After lunch I was hating those apples, so I switched to lemons.  We were supposed to try to lay down a stroke without blending.  My first lemon is totally blended.  When Carol told me the second one still looked blended, I laughed and told her "that's my chunky".   I always have great plans to paint loose, but what comes out of my brain is something else.  

After Carol's beautiful egg painting, the next day we all switched to trying to paint eggs! 

Wednesday, January 11, 2012

Day 2!

Tuesday started with another demo with Carol.  Lordy.  She mixes a new puddle of paint for each stroke. It's amazing.  And she almost never has to say oops, wrong color.  She mixes each puddle beside the one for the previous stroke so she can compare the values.

Carol's set up. 

The completed drawing.

The finished painting.  Notice how she painted the ellipse off the edge of the canvas.

Her palette after the painting was completed.  

Next Carol had us paint some value paintings, using only burnt umber.   The idea was to have three basic values, light, medium and dark.  We were to make three paintings, with one each with one of those primary values.   We scrubbed the umber on and lifted out the highlights.  Mine were primarily paper towel paintings, not brushes.  

Carol reminded us to SQUINT to see the values.  She said we should practice squinting all the time, not just when we are painting.  She said, "It's like Kegel exercises!"  We were falling off our chairs, laughing!

Here are my three.  

Primarily dark.  My least favorite.  

Primarily medium values, some lights,  with a smidge of dark.  

Primarily light values.  

These painting were fun, and I was feeling pretty good.  It built me up for the fall I was going to take on day three.  On day three we added color!  Ack!  

Tuesday, January 10, 2012

Carol Marine! First Workshop Day

I am so happy to be attending Carol's workshop here in San Antonio.  I attended one of her workshops four years ago with my daughter.  Now that I've been painting for a couple of years,  I can understand and relate to what she is telling us much better than I could the first time.  I'm not saying I can DO it, I just can comprehend better!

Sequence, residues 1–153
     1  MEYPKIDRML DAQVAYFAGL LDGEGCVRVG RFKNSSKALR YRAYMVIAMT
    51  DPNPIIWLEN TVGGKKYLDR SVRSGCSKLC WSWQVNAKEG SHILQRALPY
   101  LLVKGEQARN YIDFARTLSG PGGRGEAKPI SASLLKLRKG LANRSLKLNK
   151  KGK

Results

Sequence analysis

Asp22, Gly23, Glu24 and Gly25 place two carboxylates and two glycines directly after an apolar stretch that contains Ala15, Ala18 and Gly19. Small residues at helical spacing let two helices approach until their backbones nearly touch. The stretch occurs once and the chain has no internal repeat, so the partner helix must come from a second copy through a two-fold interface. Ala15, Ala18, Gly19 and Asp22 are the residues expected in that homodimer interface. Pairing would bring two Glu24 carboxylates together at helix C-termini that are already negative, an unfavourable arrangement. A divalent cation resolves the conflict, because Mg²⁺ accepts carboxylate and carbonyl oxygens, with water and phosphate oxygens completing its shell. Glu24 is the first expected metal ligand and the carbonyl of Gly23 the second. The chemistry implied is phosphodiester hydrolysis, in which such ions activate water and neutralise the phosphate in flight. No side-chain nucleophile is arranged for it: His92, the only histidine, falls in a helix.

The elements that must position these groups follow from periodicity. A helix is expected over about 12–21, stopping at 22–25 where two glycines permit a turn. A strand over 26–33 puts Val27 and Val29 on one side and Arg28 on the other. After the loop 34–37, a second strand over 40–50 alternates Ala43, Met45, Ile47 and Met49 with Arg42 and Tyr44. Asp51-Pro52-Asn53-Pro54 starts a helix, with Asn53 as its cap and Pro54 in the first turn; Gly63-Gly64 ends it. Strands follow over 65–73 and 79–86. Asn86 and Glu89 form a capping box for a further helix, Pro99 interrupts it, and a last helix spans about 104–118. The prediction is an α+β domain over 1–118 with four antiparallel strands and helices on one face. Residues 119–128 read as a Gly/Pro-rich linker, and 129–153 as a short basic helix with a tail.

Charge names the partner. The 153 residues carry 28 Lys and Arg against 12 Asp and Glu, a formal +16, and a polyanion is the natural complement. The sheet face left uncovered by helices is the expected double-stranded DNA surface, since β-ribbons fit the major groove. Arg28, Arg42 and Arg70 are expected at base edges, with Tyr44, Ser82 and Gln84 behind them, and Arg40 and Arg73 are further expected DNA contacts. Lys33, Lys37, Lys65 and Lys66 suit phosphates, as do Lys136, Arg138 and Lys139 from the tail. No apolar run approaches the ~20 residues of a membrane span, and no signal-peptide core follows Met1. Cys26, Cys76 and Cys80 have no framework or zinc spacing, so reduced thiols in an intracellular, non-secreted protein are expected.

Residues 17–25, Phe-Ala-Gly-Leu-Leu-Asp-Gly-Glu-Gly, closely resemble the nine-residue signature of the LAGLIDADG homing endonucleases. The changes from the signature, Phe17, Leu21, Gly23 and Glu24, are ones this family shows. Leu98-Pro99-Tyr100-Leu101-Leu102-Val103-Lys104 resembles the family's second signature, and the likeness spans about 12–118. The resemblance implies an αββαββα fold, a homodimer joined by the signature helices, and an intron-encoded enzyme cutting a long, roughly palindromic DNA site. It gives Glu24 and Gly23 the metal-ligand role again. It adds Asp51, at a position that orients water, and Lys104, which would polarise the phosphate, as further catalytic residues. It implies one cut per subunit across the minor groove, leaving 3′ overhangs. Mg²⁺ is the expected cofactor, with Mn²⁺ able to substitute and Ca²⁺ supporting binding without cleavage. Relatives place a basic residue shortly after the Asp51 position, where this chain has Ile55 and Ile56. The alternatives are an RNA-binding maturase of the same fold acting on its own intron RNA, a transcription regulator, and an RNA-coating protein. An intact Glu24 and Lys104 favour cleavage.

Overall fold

I thought you'd like to see pictures of Carol painting a demo for our class.  She makes it look so effortless, I think, "Yes!  I can do that!"     And then we paint.  Sigh.   Well, maybe tomorrow.

Carol always uses a viewfinder to draw her paintings.  She has toned the canvas with burnt umber, then draws with burnt umber.  She first locates the edges of the objects with small marks, then draws them in.  You can see she used lines to draw the ellipse of her cup.  Next she uses a paper towel to wipe off the excess paint so it doesn't contaminate the colors of her painting. 

This shows her completed sketch.  She also draws in her shadows are a part of her sketch. 

Carol first paints in "islands of color".   Then she paints in the "ocean" around her islands.  She says it helps her to control her edges better.  

The second apple. 

The rest of the apples and the beginning of the mug. 

The finished painting.  My photo has a little glare, but you can see how beautiful it is. 
You can see she paints off the edge of the canvas onto her canvas holder.  She says it helps her with the ellipses.  

After lunch, Carol had us each compose a set up and paint so that she could see where we each were.  
I tried something new.   She paints with a very limited palette, and I tried to paint using only her colors.  I had a very hard time making gray.  She mixes gray from red, yellow, blue and white, so I tried to do that.  I had a difficult time---it came out very blue...